Thursday, October 28, 2010

Halloween Treats

With Halloween around the corner, you may have stocked up on canned pumpkin to make pumpkin fudge...or pumpkin pies...or pumpkin scones (you get the idea). What to do when you have half a can of pumpkin left? You can do what we do and whip up a quick and easy snack: pumpkin yogurt.

I started making pumpkin yogurt when my kids were very young. Back then, I could easily trick them into thinking pumpkin was a delicious snack. I don't know why, but one day I mixed some pumpkin with some plain yogurt and a new treat was born. My kids still enjoy it but it's not something I make all the time. I tend to save it for the fall, when canned pumpkin is easy to find in the grocery stores.

Pumpkin Yogurt

  • canned pumpkin
  • plain or vanilla yogurt
  • cinnamon (optional)
This is so easy I don't know why I am bothering with directions, but here we go...

1. Combine equal parts pumpkin and yogurt. Stir together.

2. Sprinkle with cinnamon.

It's that easy. I like that it's both a taste of fall and a way to serve a fruit that we don't often eat.

With Halloween in just a few days, we've been making pumpkin yogurt and enjoying our stash of Halloween books. I am really not sure how we ended up with so many Halloween books, but over the years we've acquired quite the collection. Some of the ones my kids particularly enjoy:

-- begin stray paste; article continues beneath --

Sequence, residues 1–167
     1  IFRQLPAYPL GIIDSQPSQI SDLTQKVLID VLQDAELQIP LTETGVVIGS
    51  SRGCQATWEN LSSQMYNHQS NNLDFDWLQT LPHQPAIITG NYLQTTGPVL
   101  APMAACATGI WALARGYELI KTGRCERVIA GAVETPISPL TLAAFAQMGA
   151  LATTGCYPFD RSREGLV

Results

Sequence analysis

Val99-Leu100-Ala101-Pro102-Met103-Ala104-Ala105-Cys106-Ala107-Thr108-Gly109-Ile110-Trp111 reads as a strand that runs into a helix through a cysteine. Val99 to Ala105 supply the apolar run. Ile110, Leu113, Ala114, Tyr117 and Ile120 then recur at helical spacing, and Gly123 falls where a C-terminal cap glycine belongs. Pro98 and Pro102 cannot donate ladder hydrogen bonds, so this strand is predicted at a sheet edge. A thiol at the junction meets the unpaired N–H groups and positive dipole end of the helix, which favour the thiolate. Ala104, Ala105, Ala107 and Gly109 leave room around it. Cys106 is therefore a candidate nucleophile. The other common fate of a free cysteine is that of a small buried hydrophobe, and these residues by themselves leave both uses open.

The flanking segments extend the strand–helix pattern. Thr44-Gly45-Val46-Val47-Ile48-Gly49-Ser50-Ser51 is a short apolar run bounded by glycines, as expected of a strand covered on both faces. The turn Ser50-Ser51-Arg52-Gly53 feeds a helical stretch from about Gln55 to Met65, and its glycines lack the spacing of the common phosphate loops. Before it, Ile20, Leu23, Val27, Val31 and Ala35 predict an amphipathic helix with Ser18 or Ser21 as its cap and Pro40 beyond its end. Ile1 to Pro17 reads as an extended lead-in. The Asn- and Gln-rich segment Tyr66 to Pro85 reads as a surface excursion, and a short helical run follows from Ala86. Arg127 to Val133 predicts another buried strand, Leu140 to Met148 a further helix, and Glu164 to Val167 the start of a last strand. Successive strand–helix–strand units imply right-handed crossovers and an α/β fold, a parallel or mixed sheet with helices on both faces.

Goodnight Goon by Michael Rex

Goodnight Goon (A Petrifying Parody)

As evidenced by the title, Goodnight Goon is a parody of the classic Goodnight Moon. One of my sons received this as a birthday gift last year. We get a kick out of it, especially the various monsters that wreak havoc in the little werewolf's room.

Happy Halloween, Little Critter! by Mercer Mayer

Little Critter: Happy Halloween, Little Critter!

This is really a sentimental favorite in our house. After my second son was born, my husband took my older son (then two) to the bookstore to pick out a new book. This is the book he chose. It is a simple story about Little Critter greeting his costumed friends on Halloween. Flaps that open to reveal the friends underneath their costumes made this a hit with my kids when they were younger.

Haunted Castle on Hallow's Eve by Mary Pope Osborne

Magic Tree House #30: Haunted Castle on Hallows Eve (A Stepping Stone Book(TM))

My older son has recently started reading the Magic Treehouse books out loud for his nightly reading homework. This one follows the typical storyline of siblings Jack and Annie on a magic mission for Merlin but the haunted castle at the heart of the story's mission gives this one a Halloween flair. We picked this one up at my son's school book fair last week.

Popcorn by Frank Asch

POPCORN by Frank Asch (1979 Hardcover 46 pages 7 x 9 inches Parents Magazine Press)

I have a full review of this book here but it is definitely a Halloween favorite around here. All of the action happens at a Halloween costume party.